Oncologists conducting modern miracles

Breakthrough in oncology, thoracic surgery and development of cell technologies at N.N. Alexandrov National Cancer Centre of Belarus
Our doctors are the first to create a prosthetic trachea accepted by a patient’s body; so far, no other global attempts have been successful. In many respects, there are no artificial materials which can replace the trachea wall but Belarusian oncologists have developed a high-tech solution, allowing Anatoly Khlopkov, 65, from Rogachev to breathe again.

Anatoly was admitted to the Borovlyany cancer centre on having difficulty breathing and swallowing, and it was thought that lung cancer had spread to the trachea. He agreed to the innovative surgery, guided by his belief in the doctors and his huge desire to live. After three months, it’s apparent that his body isn’t rejecting the artificial trachea: a true victory for him, and for the doctors.

Belarus is known for its transplantology expertise but there remains a shortage of organ donations and cancer patients often need a match without delay. The Director of the Centre, Oleg Sukonko, tells us, with pride, “We decided to follow the path of creating artificial organs, via tissue-engineering, to make a prosthetic trachea. The patient had the operation three months ago, and we can already say that the surgery was a success. Today is a happy day for us: a day we’ve been working towards for five years.”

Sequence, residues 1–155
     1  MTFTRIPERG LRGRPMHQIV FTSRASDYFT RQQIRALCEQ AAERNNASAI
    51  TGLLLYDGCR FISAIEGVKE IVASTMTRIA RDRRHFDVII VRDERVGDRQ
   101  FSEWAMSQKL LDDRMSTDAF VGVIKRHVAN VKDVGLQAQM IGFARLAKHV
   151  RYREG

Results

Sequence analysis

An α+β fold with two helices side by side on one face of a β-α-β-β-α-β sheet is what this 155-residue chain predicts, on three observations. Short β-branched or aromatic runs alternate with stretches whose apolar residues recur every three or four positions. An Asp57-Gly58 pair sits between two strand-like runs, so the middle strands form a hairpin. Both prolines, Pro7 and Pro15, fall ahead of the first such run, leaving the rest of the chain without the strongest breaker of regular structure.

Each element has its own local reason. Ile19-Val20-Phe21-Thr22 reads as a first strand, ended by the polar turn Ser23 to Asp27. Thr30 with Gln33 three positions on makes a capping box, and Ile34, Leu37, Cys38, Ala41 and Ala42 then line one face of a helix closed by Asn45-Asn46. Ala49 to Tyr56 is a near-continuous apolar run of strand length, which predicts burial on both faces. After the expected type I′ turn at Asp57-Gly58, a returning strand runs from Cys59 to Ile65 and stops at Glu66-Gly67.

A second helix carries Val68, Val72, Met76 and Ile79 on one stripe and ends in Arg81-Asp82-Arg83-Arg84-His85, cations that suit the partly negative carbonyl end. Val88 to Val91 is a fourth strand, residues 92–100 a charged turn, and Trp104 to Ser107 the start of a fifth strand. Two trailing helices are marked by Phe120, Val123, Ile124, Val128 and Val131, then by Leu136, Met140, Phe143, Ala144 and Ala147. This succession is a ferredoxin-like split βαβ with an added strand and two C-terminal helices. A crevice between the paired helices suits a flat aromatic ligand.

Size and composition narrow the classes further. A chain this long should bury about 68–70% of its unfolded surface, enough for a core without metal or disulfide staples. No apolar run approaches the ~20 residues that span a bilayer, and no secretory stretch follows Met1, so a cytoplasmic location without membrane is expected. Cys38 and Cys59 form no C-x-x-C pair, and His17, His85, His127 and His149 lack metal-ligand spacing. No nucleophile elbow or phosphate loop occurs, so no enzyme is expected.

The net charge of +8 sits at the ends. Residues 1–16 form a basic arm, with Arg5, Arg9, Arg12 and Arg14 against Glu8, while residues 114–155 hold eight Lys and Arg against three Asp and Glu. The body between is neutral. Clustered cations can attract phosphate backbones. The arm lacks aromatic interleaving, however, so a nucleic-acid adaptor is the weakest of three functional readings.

Patient Anatoly Khlopkov (second row, on the right) with oncologists

There have been other attempts to create artificial trachea worldwide but none have been successful, failing to contract and allow patients to clear their throat, or cough up phlegm. Many died from pneumonia following the surgery. Thoracic surgeon Vladimir Zharkov, who heads the surgical department of the oncology centre, led the team behind the innovation, which requires five stages. First, a matrix is created from a donor trachea, and cleared of all cell elements, to become universal, to suit any tissue type. To allow it to grow, it is implanted into the patient’s rectus abdominis muscle: a stage crucial to success.  At the Centre of Children’s Oncology, Haematology and Immunology, doctors separated stem cells from marrow, increased their weight and transformed them into cartilaginous trachea cells. Then, by means of injection, they were ‘settled’ into the prosthesis. The main, final surgery followed, with the removal of damaged trachea and lung and relocation of tissue-engineering tracheas from the stomach area into the thorax.

Professor Vladimir Zharkov shows us computerised axial tomography images, saying, “Here are pictures before the surgery: in the top part of the lung, there was a large tumour which penetrated the trachea, narrowing the lumina to a critical 3-4mm (down from 3cm). The pictures afterwards show that everything is fine.”

Oncologists are sure that the new technology will not only save lives where, previously, there would have been no hope, but that it may be used to create other tissues needed by patients.

By Yulia Vasilieva

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